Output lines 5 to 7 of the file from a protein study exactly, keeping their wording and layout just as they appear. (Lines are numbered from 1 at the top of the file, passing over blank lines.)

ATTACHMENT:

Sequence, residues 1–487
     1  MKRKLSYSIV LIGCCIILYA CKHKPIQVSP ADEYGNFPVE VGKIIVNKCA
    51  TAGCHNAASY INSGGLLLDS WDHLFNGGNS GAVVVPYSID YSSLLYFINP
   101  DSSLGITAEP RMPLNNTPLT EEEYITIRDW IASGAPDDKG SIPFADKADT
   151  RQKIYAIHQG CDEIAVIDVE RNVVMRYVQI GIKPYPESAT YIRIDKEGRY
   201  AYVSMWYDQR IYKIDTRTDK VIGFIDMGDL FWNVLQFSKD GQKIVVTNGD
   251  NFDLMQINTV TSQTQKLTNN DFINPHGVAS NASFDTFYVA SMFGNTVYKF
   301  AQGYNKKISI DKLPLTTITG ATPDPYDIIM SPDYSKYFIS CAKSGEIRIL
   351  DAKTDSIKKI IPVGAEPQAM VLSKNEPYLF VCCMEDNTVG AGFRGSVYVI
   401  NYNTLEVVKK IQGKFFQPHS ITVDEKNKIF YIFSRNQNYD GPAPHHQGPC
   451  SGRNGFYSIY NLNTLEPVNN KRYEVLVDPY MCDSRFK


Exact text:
   151  RQKIYAIHQG CDEIAVIDVE RNVVMRYVQI GIKPYPESAT YIRIDKEGRY
   201  AYVSMWYDQR IYKIDTRTDK VIGFIDMGDL FWNVLQFSKD GQKIVVTNGD
   251  NFDLMQINTV TSQTQKLTNN DFINPHGVAS NASFDTFYVA SMFGNTVYKF